The University of Wisconsin
Purdue Writing Lab
Greetings, faithful readers (Bubba chases a firefly in the night, leaving no one else).
Last time, we discussed using transitions in sales copy and emails for better conversions.
While Anthony attends to in-house secretarial work, I have another helpful post for you, one that will please you, create better sentences, and continue my legacy!
Actually, the topic is upon one of my own weaknesses. (But, Willie, why would you tell us about your weaknesses?!) It’s a gift …
Let’s consider how errors in parallelism occur.
I wrote an epic post, took a bubble bath, and then was vacuuming peanut butter cookie (my favorite, readers!) crumbs from the carpet.
The sentence sucks. It’s oddly presented. While thoughts clear, associated logic sound, and readers (still?) engaged, rearranging the sentence as to maintain same (past) tense is preferred:
I wrote an epic post, took a bubble bath, and vacuumed peanut butter cookie crumbs.
All the above descriptive points in past tense. (Note: Writing software may not identify errors in parallel logic or respective software default not accordingly set.)
Another error associated to parallelism is maintaining ‘voice.’ Sometimes, I’m active and then I start being passive – all in the same sentence. Depending on desired affect or poetic cadence, one may do so, yet low wordcount and active voice is oft preferred regarding ad and sales-related copy.
Let’s use the above sentence again:
I wrote an epic post, took a bubble bath, and then was vacuuming peanut butter cookie crumbs from the carpet.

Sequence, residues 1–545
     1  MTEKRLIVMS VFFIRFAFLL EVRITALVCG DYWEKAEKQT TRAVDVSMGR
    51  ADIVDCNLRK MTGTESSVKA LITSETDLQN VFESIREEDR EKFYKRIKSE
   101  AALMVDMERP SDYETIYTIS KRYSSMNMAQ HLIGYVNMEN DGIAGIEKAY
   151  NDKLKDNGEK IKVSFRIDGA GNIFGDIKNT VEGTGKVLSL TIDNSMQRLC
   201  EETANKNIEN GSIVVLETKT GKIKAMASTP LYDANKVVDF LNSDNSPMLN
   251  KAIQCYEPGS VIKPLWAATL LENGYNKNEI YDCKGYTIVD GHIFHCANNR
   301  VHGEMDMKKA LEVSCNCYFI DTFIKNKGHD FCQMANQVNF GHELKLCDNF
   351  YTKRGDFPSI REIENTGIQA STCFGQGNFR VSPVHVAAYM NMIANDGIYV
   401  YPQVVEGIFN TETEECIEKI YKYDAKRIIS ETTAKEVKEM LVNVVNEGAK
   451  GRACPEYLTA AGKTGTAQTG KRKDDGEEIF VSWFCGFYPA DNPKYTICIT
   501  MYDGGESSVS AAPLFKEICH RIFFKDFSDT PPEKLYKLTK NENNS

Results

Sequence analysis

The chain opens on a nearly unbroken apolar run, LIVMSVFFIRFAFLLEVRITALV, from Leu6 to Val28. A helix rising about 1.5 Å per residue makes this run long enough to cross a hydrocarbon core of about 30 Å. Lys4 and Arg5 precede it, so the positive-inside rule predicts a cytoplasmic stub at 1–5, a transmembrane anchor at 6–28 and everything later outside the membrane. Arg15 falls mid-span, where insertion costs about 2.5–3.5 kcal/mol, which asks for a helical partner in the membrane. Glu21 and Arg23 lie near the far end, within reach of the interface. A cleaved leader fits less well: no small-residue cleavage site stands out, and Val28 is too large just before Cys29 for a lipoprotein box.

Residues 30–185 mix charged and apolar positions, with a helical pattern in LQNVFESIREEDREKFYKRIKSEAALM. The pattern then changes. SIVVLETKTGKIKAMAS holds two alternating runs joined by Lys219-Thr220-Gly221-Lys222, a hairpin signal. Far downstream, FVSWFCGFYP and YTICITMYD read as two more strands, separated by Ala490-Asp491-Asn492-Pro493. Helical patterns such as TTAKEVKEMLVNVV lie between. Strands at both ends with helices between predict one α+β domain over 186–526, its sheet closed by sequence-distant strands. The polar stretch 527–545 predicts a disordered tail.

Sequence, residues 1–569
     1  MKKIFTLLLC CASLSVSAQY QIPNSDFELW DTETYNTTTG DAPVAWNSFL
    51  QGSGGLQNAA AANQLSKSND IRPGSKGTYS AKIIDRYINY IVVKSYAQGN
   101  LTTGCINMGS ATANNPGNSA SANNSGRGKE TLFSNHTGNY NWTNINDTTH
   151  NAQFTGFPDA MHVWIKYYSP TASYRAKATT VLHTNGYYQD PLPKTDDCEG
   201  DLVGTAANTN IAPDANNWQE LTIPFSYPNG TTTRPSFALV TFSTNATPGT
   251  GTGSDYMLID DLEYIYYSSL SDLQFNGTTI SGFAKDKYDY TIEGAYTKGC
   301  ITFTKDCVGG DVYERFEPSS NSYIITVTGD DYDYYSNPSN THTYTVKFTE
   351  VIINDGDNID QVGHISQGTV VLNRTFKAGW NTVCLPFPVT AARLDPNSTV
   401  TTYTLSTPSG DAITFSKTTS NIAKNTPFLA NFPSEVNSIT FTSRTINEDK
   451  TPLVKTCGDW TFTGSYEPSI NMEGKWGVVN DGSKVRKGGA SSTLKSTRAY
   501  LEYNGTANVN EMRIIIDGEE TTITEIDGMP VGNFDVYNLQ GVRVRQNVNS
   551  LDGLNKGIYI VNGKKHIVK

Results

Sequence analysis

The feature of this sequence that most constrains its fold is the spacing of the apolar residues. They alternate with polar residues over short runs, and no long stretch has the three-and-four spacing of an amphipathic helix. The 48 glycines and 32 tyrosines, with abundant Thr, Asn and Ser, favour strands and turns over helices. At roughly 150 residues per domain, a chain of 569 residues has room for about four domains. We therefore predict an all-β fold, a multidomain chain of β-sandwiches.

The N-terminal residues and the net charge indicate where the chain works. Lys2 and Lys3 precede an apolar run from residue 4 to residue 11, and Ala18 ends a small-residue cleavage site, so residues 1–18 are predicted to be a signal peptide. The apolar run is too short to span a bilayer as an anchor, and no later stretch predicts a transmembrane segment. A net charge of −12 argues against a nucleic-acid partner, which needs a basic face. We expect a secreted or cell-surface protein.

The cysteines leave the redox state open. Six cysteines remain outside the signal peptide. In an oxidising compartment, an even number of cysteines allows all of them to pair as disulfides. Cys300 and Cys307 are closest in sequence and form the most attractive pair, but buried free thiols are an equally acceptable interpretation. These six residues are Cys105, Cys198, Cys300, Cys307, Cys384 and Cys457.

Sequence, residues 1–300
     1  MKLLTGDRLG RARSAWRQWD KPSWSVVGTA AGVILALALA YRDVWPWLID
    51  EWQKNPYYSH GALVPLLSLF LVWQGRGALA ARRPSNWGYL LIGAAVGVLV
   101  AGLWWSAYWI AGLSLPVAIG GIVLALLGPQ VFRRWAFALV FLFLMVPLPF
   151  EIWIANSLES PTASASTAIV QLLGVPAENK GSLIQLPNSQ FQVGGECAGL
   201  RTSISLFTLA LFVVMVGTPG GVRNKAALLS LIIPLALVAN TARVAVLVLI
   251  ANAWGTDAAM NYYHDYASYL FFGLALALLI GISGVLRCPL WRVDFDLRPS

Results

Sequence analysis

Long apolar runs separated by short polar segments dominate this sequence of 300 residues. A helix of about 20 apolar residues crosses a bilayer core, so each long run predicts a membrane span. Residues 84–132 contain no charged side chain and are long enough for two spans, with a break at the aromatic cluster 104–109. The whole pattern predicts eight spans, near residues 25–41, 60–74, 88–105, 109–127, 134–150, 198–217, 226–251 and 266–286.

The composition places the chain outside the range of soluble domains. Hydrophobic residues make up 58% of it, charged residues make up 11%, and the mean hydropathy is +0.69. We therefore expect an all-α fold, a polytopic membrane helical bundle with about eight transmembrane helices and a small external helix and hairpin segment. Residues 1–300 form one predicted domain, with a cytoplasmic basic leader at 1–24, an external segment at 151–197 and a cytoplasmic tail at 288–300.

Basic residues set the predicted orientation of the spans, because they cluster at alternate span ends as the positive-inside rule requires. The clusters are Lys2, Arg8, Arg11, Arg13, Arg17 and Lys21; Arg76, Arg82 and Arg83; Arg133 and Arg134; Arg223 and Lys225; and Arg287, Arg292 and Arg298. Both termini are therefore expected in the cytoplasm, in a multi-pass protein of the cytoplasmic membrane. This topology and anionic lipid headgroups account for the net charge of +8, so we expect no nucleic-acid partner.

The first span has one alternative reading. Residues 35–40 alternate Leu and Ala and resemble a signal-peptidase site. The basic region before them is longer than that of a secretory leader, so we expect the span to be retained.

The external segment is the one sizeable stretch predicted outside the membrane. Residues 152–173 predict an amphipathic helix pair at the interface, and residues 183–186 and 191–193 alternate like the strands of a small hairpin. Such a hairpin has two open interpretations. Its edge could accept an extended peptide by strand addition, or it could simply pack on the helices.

Not only did I use a different tense but switched to being passive in the above sentence. Active vs. Passive Voice deserves an entire post, but for brevity, concentrate on active and passive voice regarding parallel structure.
I wrote (active voice) an epic post, took (active) a bubble bath, and vacuumed (active) the carpet.
I do this often on holidays, various strong coffees, and on every other Wacky Wednesday. I switch the implementation of prepositions, either varying them or presenting inconsistently, which could confuse the reader or make for a poor sentence.
Let’s revisit the error:
I do this often on holidays, various strong coffees, and on every other Wacky Wednesday.
“This” takes place “on”… 1, 2, 3. Keep the series consistent and aligned with apropos prepositions.
The above is inconsistent regarding included preposition and the associated preposition is awkward and wrong.
It’s more street to say you’re ‘on’ coffee. And, since the other two events relate to times rather than states of being, I fucked it all up…so to speak.
Here is a better version:
I do this during holidays, coffee breaks, and alternating Wacky Wednesdays.
Now, get to (better) writing.
I tutor, provide writing services, and consult on case-by-case basiseseseseses. (That last part is a joke – the ‘es’s not mention of hiring me.